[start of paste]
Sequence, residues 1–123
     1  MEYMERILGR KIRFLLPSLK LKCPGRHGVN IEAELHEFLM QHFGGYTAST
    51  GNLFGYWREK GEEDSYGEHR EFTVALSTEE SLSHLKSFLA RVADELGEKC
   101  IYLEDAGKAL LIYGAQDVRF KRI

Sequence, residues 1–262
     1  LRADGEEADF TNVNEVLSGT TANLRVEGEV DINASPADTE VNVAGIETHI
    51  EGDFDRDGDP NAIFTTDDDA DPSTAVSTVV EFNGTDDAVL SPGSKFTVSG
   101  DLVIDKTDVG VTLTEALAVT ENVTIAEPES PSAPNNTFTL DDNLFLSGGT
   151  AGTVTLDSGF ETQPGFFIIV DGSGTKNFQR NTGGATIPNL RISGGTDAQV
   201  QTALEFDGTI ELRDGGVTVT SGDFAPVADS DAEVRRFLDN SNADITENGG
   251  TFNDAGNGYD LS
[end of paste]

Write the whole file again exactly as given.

Sequence, residues 1–123
     1  MEYMERILGR KIRFLLPSLK LKCPGRHGVN IEAELHEFLM QHFGGYTAST
    51  GNLFGYWREK GEEDSYGEHR EFTVALSTEE SLSHLKSFLA RVADELGEKC
   101  IYLEDAGKAL LIYGAQDVRF KRI

Sequence, residues 1–262
     1  LRADGEEADF TNVNEVLSGT TANLRVEGEV DINASPADTE VNVAGIETHI
    51  EGDFDRDGDP NAIFTTDDDA DPSTAVSTVV EFNGTDDAVL SPGSKFTVSG
   101  DLVIDKTDVG VTLTEALAVT ENVTIAEPES PSAPNNTFTL DDNLFLSGGT
   151  AGTVTLDSGF ETQPGFFIIV DGSGTKNFQR NTGGATIPNL RISGGTDAQV
   201  QTALEFDGTI ELRDGGVTVT SGDFAPVADS DAEVRRFLDN SNADITENGG
   251  TFNDAGNGYD LS